TAMPA, Fla. -- Up until Wednesday night, Brian McCann thought he was going to Panama along with most of his teammates this weekend, and having never been there, was looking forward to the trip.
Then, he was told by Joe Girardi that the Yankees had decided they were better off if he stayed home and did his homework instead of enjoying dinner with Mariano Rivera -- whom he said he had never met despite facing him a few times -- and seeing the Panama Canal.
New York Yankees
McCann, who so far seems like the ultimate team guy, agreed it was a good idea.
"I think it gives me a chance to see more guys if I stayed back and I think it just made more sense to stay back here," McCann said this morning in the clubhouse while preparing to catch David Phelps against the Minnesota Twins this afternoon.
“I’m going to start catching back-to-back, so I need to see everybody multiple times,” McCann said. "I have to. I need to. It’s a big deal to see them.”
But he was also quick to add, "I know their stuff and I know what they like to do. If the season started tomorrow I’d be comfortable calling a game for both of them. Just two more times will probably get me more acclimated to them and we’ll be ready to roll."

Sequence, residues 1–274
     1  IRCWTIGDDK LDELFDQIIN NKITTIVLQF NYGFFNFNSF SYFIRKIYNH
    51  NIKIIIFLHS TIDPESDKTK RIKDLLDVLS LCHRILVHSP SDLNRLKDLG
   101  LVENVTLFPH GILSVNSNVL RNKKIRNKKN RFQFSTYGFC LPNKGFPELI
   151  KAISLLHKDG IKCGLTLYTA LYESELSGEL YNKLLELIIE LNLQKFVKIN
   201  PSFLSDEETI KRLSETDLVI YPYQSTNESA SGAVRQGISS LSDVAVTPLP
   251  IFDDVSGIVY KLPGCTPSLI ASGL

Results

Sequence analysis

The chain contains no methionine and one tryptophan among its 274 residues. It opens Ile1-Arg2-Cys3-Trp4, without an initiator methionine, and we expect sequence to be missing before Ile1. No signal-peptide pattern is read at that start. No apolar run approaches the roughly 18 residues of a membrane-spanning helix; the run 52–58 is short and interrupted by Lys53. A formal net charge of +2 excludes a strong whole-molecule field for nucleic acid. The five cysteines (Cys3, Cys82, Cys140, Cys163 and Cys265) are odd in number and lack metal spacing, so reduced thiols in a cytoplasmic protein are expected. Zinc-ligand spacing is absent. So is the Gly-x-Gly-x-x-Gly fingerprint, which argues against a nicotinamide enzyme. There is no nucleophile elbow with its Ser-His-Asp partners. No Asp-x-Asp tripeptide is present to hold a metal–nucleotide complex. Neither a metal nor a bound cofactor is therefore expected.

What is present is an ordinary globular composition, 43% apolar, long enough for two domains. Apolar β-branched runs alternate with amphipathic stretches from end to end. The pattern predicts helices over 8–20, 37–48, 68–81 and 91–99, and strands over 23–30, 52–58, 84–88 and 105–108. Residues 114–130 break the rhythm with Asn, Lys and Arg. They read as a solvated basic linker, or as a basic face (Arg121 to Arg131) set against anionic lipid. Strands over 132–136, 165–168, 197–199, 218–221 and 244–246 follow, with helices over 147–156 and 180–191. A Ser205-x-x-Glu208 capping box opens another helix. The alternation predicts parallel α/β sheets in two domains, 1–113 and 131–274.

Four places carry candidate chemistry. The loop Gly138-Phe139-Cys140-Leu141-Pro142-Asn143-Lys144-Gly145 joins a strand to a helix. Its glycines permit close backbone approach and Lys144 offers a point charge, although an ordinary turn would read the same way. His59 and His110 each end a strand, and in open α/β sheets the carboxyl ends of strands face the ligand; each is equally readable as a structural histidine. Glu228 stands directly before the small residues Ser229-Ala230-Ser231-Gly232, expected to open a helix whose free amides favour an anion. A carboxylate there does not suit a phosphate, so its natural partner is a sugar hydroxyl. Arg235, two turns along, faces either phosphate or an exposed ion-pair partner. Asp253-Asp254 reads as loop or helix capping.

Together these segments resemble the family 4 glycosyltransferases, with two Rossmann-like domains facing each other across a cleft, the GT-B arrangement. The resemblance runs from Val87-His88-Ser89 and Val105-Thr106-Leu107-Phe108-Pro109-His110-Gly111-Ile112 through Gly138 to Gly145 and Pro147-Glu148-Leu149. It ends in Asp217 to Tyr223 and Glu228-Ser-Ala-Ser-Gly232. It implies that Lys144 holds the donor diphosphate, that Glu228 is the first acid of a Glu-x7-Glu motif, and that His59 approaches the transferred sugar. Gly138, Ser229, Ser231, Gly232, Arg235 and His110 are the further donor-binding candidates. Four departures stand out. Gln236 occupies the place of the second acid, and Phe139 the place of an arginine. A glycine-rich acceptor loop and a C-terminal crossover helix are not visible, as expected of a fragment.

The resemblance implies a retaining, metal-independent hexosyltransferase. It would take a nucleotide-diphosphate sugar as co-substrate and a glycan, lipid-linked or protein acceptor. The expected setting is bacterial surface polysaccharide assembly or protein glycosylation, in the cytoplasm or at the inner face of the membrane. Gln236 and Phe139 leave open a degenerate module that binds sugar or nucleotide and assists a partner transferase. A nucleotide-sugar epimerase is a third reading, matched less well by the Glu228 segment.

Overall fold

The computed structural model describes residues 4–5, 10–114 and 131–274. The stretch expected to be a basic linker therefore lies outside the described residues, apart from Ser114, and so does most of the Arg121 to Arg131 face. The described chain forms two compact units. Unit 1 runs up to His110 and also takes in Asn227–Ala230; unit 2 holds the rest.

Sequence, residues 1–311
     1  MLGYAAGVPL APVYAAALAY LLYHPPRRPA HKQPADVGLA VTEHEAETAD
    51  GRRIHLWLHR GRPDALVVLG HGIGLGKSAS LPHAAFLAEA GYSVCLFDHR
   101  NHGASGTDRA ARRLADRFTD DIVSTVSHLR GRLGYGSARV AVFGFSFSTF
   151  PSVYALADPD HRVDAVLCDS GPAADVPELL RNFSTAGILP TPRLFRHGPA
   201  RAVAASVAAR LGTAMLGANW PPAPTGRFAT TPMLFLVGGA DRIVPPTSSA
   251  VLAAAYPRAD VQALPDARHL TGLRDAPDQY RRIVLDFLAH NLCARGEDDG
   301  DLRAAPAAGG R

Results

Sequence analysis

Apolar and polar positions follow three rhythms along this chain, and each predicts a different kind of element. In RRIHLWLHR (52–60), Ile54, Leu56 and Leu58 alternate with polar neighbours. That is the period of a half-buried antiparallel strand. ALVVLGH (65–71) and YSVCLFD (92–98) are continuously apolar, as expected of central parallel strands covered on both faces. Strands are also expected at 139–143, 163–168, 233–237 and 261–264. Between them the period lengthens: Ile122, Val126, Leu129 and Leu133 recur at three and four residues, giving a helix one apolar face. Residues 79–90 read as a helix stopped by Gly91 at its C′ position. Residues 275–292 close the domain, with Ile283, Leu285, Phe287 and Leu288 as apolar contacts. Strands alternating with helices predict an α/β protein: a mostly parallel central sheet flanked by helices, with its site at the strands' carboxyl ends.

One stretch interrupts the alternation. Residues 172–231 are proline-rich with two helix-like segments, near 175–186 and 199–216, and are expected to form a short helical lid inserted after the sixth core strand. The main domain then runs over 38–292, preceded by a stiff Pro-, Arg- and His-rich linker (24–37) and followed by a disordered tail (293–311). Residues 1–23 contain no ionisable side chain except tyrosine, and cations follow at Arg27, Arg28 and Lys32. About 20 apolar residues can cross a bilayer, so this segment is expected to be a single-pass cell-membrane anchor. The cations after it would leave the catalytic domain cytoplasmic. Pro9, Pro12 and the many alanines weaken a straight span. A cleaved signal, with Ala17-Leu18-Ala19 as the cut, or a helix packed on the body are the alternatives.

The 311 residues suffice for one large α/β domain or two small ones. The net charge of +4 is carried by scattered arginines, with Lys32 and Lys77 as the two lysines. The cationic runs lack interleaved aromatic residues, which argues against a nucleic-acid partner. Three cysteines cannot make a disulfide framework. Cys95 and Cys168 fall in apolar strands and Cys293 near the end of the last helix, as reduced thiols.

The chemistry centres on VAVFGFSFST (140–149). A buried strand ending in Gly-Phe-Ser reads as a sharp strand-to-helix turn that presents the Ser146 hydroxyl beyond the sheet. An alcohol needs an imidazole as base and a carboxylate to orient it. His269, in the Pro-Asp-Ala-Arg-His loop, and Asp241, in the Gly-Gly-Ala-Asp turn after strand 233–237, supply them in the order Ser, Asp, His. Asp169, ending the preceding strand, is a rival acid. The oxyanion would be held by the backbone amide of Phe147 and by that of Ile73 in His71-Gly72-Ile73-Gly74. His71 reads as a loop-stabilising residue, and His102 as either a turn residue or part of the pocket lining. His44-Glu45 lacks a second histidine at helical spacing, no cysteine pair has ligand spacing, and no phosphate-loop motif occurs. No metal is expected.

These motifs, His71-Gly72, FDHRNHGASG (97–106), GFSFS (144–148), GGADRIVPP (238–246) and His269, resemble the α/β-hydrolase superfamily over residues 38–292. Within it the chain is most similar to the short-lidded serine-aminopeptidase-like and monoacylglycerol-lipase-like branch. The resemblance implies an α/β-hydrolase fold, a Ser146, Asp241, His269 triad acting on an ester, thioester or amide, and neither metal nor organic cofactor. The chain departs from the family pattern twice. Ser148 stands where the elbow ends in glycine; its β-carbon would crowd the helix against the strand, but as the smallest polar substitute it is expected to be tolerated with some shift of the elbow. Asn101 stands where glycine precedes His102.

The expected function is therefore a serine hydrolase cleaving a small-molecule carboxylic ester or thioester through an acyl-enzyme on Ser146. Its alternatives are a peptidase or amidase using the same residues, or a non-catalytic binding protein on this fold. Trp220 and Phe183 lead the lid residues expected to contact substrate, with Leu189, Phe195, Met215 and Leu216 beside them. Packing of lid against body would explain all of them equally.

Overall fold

Girardi's -- and no doubt, GM Brian Cashman's -- sudden decision to swap out McCann for Francisco Cervelli fueled speculation the Yankees were looking to trade Cervelli and wanted to give McCann a crash course in Tanaka, who has thrown almost exclusively to Cervelli. But team sources told ESPNDeportes' Marly Rivera, who is in Panama, that the Yankees have had no conversations with any other team regarding a Cervelli deal.
It could simply be that as the everyday catcher, which generally means five days a week, McCann will have to be intimately familiar with everyone on the Yankees' pitching staff, including, and maybe especially, Tanaka.
As a result, McCann says he has been taking work home with him in the evenings, studying tapes not only of the Yankees' starting staff, but of AL East hitters to get to know their tendencies, strengths and weaknesses.
One thing McCann has not studied is the Japanese language. Despite catching Kenshin Kawakami for two seasons in Atlanta, McCann said he hasn't picked up too many Japanese words, although he says communication with non-English speaking players has never been a problem.
"Whatever language they speak, it’s still baseball," he said. "Everybody knows the key words to get the job done. We all know, they all know fastball, curveball, split. We’re good."
McCann will get Saturday off -- he is not on the travel roster for the game against the Orioles -- but will go back-to-back for the first time this spring Sunday and Monday.